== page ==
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The British and French editions of The Story of Sex | Courtesy of Particular Books and Les Arènes, respectively.
The British and French editions of The Story of Sex | Courtesy of Particular Books and Les Arènes, respectively.
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French Graphic Novel 'The Story Of Sex' Is The Perfect Christmas Gift (NSFW)

Picture of Simon Leser
UK Literary Editor
Updated: 21 November 2016
Funny, erudite, and devilishly sexy, The Story of Sex is a treat for the whole family (except, perhaps, younger children and muffled prudes). A bestseller in France where it came out earlier this year, the work concerns itself with nothing less than the greatest story ever told — no, not that old Jerusalem fling — the evolution of human sexual mores.
Courtesy of Particular Books
Courtesy of Particular Books

The Story of Sex is a joint effort between Philippe Brenot, psychiatrist, sexologist and anthropologist of some renown (yeah, all of them), and Laetitia Coryn, graphic artist and general creative of surefire wit. It was written by the two in complete collaboration, hence its constant provision of both didacticism and humor. The English version, meanwhile, was assured by none other than Will McMorran, Senior Lecturer in French & Comparative Literature at Queen Mary University; dedicated readers will remember him as being partly responsible for the new translation of the Marquis de Sade’s 120 Days of Sodom. He can now safely claim to have had his way with the entire spectrum of French sexuality.

Courtesy of Particular Books
Courtesy of Particular Books

The book is organized chronologically, traveling from prehistory to the probable future to trace the evolution of human intimacy and, perhaps more interestingly, the discourse created around it. After starting with the mating rituals of our primate ancestors (where Professor Brenot’s anthropological bent surely came in handy), the book moves on to the earliest civilizations of the Fertile Crescent and, inevitably, the biblical life of Adam and Eve — albeit without forgetting to apply a keen psychoanalytic eye to the whole thing.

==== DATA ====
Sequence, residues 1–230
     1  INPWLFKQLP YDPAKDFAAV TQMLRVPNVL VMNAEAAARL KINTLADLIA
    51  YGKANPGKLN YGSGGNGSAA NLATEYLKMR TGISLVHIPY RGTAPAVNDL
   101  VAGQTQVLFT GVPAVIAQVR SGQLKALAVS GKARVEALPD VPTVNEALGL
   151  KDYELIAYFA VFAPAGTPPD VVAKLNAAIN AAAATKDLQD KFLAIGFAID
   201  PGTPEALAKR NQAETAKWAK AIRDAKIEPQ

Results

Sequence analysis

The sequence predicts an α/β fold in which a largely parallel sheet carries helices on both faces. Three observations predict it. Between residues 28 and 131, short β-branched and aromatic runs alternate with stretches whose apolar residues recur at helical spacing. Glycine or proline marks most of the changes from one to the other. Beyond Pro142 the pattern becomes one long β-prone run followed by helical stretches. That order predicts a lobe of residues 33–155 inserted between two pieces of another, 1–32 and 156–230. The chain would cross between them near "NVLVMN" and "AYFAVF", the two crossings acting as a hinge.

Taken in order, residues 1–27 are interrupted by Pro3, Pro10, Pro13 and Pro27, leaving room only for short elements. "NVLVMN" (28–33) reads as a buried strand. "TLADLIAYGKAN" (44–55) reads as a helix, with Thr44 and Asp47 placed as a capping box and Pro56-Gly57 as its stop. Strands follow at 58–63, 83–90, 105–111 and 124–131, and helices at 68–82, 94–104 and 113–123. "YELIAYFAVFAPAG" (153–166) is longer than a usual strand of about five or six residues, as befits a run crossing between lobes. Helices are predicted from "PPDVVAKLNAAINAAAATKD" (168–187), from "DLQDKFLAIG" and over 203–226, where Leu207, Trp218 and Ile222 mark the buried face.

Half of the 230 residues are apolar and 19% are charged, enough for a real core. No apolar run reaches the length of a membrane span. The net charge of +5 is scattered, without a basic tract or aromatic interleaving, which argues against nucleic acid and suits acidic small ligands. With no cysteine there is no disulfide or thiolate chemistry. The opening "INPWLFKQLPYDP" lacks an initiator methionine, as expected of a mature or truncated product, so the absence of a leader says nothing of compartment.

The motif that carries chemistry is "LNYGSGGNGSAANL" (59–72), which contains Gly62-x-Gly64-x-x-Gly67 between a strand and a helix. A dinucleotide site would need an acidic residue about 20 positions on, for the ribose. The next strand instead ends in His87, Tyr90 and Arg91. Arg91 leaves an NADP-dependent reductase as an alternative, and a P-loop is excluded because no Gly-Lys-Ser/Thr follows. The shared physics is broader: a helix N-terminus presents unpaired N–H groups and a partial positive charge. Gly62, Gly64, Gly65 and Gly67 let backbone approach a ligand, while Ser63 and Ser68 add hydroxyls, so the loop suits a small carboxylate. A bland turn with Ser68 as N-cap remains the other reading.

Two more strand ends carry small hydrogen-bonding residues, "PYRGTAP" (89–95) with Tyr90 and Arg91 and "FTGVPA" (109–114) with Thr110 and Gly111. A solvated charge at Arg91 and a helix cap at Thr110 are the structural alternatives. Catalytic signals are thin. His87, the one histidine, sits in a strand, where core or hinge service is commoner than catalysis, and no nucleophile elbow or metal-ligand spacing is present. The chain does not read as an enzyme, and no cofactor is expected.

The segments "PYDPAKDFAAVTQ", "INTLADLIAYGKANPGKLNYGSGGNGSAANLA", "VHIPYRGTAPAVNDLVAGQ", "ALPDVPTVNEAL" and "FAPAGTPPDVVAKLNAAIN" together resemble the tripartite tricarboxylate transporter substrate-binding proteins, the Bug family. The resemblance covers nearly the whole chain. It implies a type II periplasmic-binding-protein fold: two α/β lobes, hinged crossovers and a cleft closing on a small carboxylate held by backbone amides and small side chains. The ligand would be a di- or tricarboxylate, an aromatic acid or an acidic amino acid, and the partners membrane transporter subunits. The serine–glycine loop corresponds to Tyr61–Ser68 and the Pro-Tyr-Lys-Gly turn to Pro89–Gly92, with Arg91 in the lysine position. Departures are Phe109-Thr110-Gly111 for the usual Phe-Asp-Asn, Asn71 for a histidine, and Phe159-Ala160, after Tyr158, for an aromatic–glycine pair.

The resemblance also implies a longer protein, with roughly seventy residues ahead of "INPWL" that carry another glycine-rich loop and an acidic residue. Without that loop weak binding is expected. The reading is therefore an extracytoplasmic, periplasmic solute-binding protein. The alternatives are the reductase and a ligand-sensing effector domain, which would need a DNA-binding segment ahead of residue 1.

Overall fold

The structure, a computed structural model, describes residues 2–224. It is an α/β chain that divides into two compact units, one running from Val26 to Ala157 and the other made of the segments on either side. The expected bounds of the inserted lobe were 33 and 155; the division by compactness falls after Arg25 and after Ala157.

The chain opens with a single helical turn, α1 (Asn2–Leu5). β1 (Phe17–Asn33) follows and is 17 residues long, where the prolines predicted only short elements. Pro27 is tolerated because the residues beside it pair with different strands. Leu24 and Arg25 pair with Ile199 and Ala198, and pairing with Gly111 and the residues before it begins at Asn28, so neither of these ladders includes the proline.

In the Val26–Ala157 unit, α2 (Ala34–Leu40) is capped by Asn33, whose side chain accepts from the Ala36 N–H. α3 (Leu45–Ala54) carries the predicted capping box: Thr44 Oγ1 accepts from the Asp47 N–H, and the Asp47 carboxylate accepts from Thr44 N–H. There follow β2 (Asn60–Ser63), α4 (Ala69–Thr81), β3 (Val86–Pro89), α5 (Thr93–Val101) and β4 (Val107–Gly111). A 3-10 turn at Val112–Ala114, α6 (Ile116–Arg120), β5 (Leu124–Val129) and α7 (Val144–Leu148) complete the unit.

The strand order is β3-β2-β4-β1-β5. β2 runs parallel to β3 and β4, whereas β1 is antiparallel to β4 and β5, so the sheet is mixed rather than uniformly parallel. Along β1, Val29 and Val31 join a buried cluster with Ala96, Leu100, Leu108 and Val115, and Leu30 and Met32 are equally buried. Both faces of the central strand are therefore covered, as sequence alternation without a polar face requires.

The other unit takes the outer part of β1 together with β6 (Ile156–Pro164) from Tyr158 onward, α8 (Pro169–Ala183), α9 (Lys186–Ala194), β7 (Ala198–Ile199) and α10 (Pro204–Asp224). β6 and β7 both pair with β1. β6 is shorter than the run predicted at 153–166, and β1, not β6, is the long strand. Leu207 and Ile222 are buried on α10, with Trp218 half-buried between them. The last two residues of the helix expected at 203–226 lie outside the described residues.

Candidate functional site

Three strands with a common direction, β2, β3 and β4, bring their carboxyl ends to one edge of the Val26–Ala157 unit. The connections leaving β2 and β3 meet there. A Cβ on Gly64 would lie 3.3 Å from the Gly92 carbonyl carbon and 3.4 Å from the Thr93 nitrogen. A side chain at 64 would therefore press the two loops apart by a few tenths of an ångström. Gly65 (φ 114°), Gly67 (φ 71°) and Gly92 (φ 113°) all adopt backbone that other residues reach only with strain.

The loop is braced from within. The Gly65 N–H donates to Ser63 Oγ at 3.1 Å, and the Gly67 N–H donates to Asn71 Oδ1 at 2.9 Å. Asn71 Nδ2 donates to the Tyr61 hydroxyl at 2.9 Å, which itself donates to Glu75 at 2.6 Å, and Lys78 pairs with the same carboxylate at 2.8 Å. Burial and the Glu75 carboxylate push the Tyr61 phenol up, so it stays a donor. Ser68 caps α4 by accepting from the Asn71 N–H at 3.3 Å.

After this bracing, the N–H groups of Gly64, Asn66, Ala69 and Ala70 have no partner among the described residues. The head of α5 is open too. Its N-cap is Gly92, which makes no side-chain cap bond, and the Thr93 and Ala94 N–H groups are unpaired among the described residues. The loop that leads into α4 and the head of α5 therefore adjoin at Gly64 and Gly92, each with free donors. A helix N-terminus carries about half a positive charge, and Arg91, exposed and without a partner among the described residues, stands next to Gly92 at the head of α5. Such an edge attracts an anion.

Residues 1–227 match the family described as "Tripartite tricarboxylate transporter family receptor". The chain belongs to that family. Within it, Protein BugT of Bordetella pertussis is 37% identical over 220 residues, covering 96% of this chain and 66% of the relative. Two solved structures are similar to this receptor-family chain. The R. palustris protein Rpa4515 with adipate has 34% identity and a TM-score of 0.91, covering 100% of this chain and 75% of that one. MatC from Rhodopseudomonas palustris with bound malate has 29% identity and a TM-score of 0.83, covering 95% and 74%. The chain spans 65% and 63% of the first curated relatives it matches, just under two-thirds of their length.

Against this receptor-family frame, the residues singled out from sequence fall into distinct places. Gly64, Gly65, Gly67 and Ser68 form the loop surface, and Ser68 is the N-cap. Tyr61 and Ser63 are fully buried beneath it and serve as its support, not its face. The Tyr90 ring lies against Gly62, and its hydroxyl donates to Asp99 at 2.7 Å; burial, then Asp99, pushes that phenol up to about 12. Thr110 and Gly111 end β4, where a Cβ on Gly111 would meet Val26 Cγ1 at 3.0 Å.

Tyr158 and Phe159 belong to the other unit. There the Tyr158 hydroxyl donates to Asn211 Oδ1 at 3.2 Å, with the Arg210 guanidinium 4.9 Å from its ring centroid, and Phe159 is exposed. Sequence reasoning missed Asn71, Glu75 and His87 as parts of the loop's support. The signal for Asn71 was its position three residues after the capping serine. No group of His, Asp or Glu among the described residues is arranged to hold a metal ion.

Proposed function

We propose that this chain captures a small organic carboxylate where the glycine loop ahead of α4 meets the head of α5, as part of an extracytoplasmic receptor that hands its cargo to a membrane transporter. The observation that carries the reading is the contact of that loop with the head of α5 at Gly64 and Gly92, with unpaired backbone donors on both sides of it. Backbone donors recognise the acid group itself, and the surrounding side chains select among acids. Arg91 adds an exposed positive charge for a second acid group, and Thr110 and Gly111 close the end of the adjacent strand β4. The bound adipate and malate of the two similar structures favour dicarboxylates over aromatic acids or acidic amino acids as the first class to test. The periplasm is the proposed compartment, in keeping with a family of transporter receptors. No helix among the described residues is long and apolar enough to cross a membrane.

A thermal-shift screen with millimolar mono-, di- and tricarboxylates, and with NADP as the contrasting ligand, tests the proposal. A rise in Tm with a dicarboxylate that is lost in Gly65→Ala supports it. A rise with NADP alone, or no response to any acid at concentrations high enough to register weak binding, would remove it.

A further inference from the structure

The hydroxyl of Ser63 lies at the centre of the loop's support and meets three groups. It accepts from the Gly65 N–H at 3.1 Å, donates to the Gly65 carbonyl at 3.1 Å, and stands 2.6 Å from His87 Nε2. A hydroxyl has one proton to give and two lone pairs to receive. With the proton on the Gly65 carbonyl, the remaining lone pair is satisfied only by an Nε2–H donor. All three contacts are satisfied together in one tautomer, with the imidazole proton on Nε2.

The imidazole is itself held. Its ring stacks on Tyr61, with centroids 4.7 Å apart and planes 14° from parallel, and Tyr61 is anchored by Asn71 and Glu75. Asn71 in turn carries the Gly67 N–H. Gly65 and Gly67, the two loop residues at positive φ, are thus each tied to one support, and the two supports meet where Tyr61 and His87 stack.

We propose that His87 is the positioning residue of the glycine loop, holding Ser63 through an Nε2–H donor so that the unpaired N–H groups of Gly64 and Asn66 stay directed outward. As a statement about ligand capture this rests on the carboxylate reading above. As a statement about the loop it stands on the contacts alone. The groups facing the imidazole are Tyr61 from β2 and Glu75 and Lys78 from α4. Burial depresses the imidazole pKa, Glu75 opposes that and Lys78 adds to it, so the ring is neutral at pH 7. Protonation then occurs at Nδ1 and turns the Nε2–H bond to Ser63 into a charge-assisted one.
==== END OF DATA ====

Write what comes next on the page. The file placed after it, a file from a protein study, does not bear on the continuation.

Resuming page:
Courtesy of Particular Books
Courtesy of Particular Books

One tale in particular created a huge buzz a few months ago in France, which claimed that Cleopatra had invented the vibrator. The Egyptian queen is said to have trapped bees within a phallus-shaped gourd, a contraption she then used for personal pleasure. Though almost certainly apocryphal (she has been portrayed as a dangerous ‘deviant’ ever since Roman politics demanded such propaganda), this story found a certain resonance with readers, and provides a rare example of female sexual freedom in antiquity. Or something of the sort.

Courtesy of Particular Books
Courtesy of Particular Books

But The Story of Sex is more than a repository of wisecracks and startling anecdotes. As becomes clear the closer the narrative approaches present day (where more reliable historical information is available), the book is a remarkable history of man’s scientific, psychoanalytic, and political advances in sexuality — a work as comfortable explaining Freudian libido as it is with exposing the exploits of famous libertines. For that enlightened reason alone it deserves to be enjoyed by the whole family.

Courtesy of Particular Books
Courtesy of Particular Books

And what about more innocent members, you ask, must they be exposed to this indecent book? To which the correct answer is, of course, why not: Ours is a sexualized world, whether we like it or not (and who wouldn’t?), and it is time all learned about it the right way — with erudition and humor. On that count, at least, the French are way ahead of the rest.

THE STORY OF SEX:
From Apes to Robots
Philippe Brenot and Laetitia Coryn, trans. Will McMorran
Particular Books
208pp. | £20